Built in 1960 and reconstructed in 2015, the concrete monument refers to the year 1945 when an observatory of the commander of the Second Ukrainian Front, Marshal Malinovsky, who led military operations from this place, was built here.

In addition, the area is one of the largest travertine mounds in Slovakia. However, travertine mining was halted in the past. Many animal fossils and imprints of leaves and plants were found in the former travertine quarry.

Šiklóš is accessible to tourists and cyclists from Levice-Kalinčiakovo and Mýtne Ludany. And what can you see up from the viewing platform? Levice and its castle, nuclear plant, as well as several hills such as Pohronský Inovec and Tribeč.

This monument attracts Jews from around the globe

The Chatam Sófer Memorial is a Jewish burial shrine built over the graves of prominent rabbis and scholars, including Chatam Sófer. It is the sole remaining part of the cemetery destroyed in 1943 during the construction of a Bratislava tramway tunnel.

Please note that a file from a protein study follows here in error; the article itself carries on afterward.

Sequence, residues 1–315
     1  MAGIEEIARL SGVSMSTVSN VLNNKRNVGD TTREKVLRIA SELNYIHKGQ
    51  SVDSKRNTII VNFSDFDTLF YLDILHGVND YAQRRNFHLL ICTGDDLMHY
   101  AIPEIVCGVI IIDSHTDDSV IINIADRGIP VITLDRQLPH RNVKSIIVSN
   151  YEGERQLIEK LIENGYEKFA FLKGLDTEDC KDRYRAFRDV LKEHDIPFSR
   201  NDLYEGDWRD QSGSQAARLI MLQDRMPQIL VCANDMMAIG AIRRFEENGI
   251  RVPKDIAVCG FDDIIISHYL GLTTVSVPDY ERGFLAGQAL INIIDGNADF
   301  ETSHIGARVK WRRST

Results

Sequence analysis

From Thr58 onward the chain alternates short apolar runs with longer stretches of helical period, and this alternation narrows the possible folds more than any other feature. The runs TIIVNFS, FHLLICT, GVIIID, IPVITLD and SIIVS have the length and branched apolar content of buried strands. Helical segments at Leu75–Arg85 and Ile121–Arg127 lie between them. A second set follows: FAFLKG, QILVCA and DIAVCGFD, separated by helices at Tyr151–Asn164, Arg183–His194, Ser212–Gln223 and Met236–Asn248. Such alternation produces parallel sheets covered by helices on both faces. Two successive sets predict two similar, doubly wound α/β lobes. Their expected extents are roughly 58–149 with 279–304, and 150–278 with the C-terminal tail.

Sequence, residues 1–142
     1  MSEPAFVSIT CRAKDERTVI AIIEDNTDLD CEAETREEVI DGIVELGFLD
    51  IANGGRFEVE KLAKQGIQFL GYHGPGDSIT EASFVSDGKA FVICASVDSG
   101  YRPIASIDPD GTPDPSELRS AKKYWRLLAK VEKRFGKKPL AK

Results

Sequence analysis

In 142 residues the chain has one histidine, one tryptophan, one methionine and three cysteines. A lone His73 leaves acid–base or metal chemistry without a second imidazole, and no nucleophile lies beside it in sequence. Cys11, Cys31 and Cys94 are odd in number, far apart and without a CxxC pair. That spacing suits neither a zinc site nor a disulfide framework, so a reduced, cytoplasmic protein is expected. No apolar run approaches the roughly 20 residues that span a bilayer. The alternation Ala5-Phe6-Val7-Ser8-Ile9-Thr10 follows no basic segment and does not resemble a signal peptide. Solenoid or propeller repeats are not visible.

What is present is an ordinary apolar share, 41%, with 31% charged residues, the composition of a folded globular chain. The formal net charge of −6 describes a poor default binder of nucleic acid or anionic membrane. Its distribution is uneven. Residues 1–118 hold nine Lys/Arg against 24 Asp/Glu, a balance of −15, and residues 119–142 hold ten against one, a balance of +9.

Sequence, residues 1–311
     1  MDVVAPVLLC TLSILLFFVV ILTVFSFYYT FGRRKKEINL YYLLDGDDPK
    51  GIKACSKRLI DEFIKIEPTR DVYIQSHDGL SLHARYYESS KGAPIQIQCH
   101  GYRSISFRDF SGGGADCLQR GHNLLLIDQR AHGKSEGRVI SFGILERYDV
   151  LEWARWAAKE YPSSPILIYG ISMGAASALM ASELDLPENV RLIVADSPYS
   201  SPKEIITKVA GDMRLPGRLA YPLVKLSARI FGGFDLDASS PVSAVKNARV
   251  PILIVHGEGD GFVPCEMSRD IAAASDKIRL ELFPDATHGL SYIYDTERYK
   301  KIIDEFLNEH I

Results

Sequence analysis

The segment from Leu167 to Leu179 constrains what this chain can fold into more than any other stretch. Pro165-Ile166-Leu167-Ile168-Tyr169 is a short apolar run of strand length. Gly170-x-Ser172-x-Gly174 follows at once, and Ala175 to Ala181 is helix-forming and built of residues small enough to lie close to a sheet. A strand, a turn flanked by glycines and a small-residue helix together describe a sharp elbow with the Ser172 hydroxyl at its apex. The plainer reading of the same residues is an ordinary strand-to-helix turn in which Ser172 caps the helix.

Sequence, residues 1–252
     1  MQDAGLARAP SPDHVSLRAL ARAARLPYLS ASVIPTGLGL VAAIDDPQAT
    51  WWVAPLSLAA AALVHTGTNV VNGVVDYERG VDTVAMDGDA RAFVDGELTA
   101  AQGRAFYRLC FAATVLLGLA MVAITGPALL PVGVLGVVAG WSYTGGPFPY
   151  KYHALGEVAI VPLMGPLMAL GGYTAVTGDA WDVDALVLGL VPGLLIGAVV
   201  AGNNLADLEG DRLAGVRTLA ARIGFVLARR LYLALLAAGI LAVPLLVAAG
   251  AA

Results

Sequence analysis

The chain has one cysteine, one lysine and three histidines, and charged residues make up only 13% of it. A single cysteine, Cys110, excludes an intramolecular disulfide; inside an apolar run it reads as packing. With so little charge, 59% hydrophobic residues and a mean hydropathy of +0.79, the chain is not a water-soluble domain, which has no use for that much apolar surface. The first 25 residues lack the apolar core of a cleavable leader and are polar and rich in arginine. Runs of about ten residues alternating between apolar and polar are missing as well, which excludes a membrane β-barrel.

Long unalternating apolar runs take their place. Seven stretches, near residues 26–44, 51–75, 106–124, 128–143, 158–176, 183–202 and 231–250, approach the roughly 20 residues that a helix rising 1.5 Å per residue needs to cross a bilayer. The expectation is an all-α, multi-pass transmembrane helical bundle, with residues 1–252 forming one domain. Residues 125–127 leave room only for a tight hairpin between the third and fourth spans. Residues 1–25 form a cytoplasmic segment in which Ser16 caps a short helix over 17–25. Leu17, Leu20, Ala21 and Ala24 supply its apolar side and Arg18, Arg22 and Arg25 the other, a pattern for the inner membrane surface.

Wooden idol, stones and Slavic gods

Outside the Turčianska Štiavnička village, near Martin, a wooden pole surrounded by rocks oversees a meadow. This pole is called the Slavic Idol, which can be found in the Dunín ward area.

The place refers to the pagan religion of ancient Slavs. Each side of the carved idol portrays a different deity. For example, Perún was the god of the lightning, Dažboga was the god of the sun, and Lada was the god of spring. The surrounding stones have Slavic symbols engraved in them.

It is worth mentioning that equinox celebrations are still held here. In addition, the area offers beautiful views on the ridge of Krivánska and Lúčanská Malá Fatra. Right in Turčianska Štiavnička, tourists can visit the birth house of writer Ján Kostra and a small forest railway exposition.

When in the area, head to other interesting places close to the village such as one of the seven wonders of the Turiec region - a system of lakes linked through water channels known as Teplické serpentíny - as well as the castle in Sklabiná and Katova skala (Executioner’s Rock).

The rock is especially recommended to single males who want to save a young girl’s life.

More information about travelling in Slovakia
Please see our Spectacular Slovakia travel guide.


Stalin has gone missing, but he will return